Last Call for Grocery Summit
MANHATTAN, Kan. – Saying “goodbye” to driving for 10, 20 or more miles for groceries need not be wishful thinking.
The loss of local groceries stores adds time and transportation costs to feeding the family, but there’s more to it than that, said David Procter, spokesperson for an upcoming Kansas State University conference focusing on rural (and, in urban areas, neighborhood) grocery stores.
Seasonal weather can make travel hazardous, if not impossible; driving also can be compromised by an injury, illness or the aging process.
Either way, access to food is limited -- and a health issue, said Procter, who encourages interested parties to attend the K-State rural grocery summit: “Strengthening Our Stores. Strengthening Our Communities.”
The summit is scheduled June 5-6 at the Hilton Garden Inn Conference Center in Manhattan, Kan. It is recommended for rural and neighborhood grocery store owners and managers; local government officials such as city and county commissioners, community economic development agencies and volunteers, potential funders, grocery distributors and concerned citizens.
For more information and registration, go to Rural Grocery Summit III or call: 1-800-432-8222 or 785-532-5569 weekdays during regular business hours.
More information also is available at each of Kansas’s 105 K-State Research and Extension offices.
Beware of Lightning
MANHATTAN, Kan. – In her role as the director of the Kansas Weather Data Library, Mary Knapp answers many questions, including some related to lightning.
One question she was asked recently was, “Can a bolt of lightning come out of a clear sky?” Knapp said. “The answer is yes. The phrase ‘bolt from the blue’ is often used to indicate surprise, as ‘a bolt of lightning from a blue sky.’”
According to Phrase Finder, a reference for quotations, the earliest citation is Carlyle, 1837 – “Arrestment, sudden really as a bolt out of the blue, has hit strange victims,” she said.
“Sadly, that is still true. Lightning can travel more than 25 miles from the thunderstorm itself,” said Knapp, who also serves as a delegate to the Extension Disaster Education Network (EDEN). “There have been numerous cases of victims being surprised by lightning from a clear sky. That is why it is important to take cover when thunderstorms are in the vicinity – even if the rain has yet to arrive. It is also recommended to wait about 30 minutes after the storm has passed to resume outdoor activities.”
Information about Kansas weather is available on the Weather Data Library website. “Weather Wonders” audio reports are available on the K-State Research and Extension News Media Web site. Information about EDEN is available.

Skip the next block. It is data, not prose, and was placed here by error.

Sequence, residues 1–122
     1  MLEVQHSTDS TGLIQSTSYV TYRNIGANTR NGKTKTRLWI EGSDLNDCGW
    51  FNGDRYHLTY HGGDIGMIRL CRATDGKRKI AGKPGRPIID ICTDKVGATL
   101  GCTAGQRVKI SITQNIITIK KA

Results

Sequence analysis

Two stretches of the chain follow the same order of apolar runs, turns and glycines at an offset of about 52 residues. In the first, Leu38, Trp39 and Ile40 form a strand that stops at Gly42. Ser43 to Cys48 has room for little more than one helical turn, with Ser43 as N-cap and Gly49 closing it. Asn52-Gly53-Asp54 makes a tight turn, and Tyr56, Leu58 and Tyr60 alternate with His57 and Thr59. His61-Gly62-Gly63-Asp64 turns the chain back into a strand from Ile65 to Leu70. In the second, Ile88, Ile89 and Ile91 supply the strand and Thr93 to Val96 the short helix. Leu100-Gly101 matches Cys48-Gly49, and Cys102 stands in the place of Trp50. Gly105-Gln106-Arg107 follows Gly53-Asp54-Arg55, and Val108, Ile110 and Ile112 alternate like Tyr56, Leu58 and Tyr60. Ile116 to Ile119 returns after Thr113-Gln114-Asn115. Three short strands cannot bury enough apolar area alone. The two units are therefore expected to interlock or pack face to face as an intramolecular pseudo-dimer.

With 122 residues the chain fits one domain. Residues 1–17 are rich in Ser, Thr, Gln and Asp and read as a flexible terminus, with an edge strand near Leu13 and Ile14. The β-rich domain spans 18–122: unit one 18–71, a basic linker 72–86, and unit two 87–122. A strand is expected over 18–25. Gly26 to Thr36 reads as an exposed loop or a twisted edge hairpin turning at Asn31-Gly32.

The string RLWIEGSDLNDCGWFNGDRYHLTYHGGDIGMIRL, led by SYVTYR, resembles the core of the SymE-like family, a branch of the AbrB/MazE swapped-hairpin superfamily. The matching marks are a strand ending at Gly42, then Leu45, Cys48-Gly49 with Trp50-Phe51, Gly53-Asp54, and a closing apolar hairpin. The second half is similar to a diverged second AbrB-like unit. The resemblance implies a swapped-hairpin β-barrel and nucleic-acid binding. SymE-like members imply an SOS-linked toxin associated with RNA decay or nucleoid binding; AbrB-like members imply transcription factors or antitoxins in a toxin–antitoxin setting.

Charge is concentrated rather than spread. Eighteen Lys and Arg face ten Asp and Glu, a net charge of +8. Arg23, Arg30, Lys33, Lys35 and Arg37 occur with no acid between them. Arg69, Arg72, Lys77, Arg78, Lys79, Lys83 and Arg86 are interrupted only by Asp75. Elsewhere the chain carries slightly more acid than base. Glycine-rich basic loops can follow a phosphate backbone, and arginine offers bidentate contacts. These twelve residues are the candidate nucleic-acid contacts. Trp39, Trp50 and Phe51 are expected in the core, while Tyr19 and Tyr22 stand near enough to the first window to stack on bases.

Pesticides, Not Disease, Make Lawn Clippings Risky
OLATHE, Kan. – Pesticides, not lawn diseases, are the one reason central U.S. homeowners might want to bag grass clippings and send them to the landfill.
Two grasses dominate the region’s lawns, explained Rodney St. John, turf scientist with K-State Research and Extension. The major disease that attacks tall fescue is brown patch. Kentucky bluegrass gets a disease called dollar spot.
“The organisms that cause both diseases are already in the soil,” he said. “Bagging the clippings from an infected lawn isn’t going to reduce disease severity or spread.”
Applied pesticides, on the other hand, can stay active for days, a month or even longer, St. John said. So, using treated clippings then as a mulch or compost ingredient is risky. The pesticide could continue to work for a while in its new location.
“A lawn-weed herbicide, for example, might treat begonias like dandelions,” he said.
St. John is a strong proponent of keeping lawns within recommended height range and cutting off no more than a third of the grasses’ height in a single mowing. That duo promotes lawn health and appearance.
Following the one-third rule also can make mower bags obsolete. The clippings that result are small enough to filter down into the lawn -- where they will not contribute to thatch. Instead, the clippings will reduce lawn fertilizer needs by 25 to 33 percent.
“That’s the easiest way to handle pesticide-treated clippings,” he said. “But, if you prefer bagging, your only responsible course is to read and follow the pesticide’s label directions exactly. Many labels, for example, say you shouldn’t collect clippings for compost until 30 days have passed. Some have a longer wait time.”